The star of the evening is Jodi Adkins Hissong’s athletic choreography the likes of which the Croswell stage has not seen in many a moon. The Brothers, the Brides, and the supporting cast fly (sometimes literally) through many many numbers, favorites being “Goin’ Courtin'” and the spectacular “Challenge/Cut in Dance” at the harvest social. The latter received extended applause not heard in the house for years.

Erin Satchell Yuen as Milly and Steven Antalek as Adam Pontipee turn in solid performances, and both seem born to play these parts. The Brothers are played by David Blackburn (Benjamin); Ben Andre (Caleb); Ryan Chang (Daniel); Zane Dickerson (Ephraim); Joshua Moller (Frank); and Matthew Pettrey (Gideon). Their camaraderie on stage is equal to their singing and dancing, and they are a joy to behold.  Equally at ease on stage with singing and dancing requirements are the Brides: Samantha Bretz (Alice); Caitlin Christenson (Dorcus); Mary Hofmeister (Ruth); Jocelyn Near (Liza); Emily Kapnick (Martha); and Allison Steele (Sarah).  Together, they are a force to be reckoned with.

The large (but never cluttered) ensemble supports the action, and together with the leads turn in some of the most charismatic and entertaining performances ever at Croswell. The audience was positively abuzz throughout the production, and the standing ovation was well-deserved.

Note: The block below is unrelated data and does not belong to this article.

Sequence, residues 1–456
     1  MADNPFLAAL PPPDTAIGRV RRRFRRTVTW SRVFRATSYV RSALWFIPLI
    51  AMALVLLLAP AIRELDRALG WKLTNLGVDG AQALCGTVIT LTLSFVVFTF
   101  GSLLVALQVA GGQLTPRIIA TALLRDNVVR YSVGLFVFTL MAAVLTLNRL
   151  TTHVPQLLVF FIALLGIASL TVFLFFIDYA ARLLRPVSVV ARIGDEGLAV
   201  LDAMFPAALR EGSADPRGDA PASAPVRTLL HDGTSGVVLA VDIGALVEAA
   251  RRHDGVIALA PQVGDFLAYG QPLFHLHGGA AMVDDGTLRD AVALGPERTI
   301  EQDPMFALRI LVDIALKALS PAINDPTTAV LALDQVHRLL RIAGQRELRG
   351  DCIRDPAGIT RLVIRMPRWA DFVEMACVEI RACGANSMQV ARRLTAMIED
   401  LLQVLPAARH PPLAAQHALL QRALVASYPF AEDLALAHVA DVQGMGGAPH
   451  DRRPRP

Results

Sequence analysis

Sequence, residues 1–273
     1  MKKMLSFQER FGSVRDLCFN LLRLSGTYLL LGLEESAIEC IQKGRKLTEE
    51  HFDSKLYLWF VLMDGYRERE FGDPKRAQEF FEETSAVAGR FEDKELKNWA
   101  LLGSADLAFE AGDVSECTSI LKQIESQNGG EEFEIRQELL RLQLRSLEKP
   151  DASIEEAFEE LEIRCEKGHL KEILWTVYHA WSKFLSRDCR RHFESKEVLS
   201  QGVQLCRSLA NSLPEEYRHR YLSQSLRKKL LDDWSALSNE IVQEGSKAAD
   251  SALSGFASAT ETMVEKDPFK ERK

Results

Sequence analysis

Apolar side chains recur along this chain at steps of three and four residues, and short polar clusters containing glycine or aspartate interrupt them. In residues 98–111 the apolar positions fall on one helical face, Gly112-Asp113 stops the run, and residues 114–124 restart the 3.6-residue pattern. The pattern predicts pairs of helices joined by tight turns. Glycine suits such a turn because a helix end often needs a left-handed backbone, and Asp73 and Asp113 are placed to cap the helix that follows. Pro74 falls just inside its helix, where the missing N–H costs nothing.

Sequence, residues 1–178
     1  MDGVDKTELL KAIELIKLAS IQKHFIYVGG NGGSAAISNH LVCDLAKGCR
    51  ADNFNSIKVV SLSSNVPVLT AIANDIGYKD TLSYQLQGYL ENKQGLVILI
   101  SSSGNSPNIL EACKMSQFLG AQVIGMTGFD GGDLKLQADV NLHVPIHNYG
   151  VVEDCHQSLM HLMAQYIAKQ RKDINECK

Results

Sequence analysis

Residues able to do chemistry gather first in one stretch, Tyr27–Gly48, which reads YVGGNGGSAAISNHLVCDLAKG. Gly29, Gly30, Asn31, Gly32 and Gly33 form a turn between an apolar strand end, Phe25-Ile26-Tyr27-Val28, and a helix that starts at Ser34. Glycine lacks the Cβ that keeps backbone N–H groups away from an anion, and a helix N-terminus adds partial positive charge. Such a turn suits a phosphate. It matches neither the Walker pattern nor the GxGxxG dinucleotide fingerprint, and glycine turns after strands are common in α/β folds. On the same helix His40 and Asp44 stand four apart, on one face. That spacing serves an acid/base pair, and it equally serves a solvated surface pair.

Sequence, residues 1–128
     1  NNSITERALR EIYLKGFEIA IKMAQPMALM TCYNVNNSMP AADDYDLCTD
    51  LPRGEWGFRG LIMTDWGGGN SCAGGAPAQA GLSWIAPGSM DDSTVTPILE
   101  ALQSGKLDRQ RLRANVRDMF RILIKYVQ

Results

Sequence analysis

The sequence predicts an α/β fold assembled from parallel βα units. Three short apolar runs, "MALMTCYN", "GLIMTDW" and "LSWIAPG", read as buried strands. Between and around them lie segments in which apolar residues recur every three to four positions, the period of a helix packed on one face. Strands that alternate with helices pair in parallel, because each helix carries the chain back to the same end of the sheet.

The performers are wrapped in lovely packaging in the form of Rachel Buechele’s colorful costumes; Terrence Hissong’s Scenic Design; and fine efforts in lighting, sound, and technical design. (Note that on opening night, there were both mic-related glitches as well as spotlight-mess that will surely resolve over the coming performances). Stage Manager Kent Sprague has his hands full to be sure, and he keeps things running at a brisk and comfortable pace throughout. Snow falls (both onstage and in the audience); wood splits; crashes resound; the unit-set works perfectly; and it all serves to entertain. Music Director Wynne Marsh keeps everything onstage and in the pit sounding remarkable.

Brian Hissong directs the entire affair with a sure hand, and he gets marvelous things from his performers. Choreography and Directing often overlap, and it appears seamless.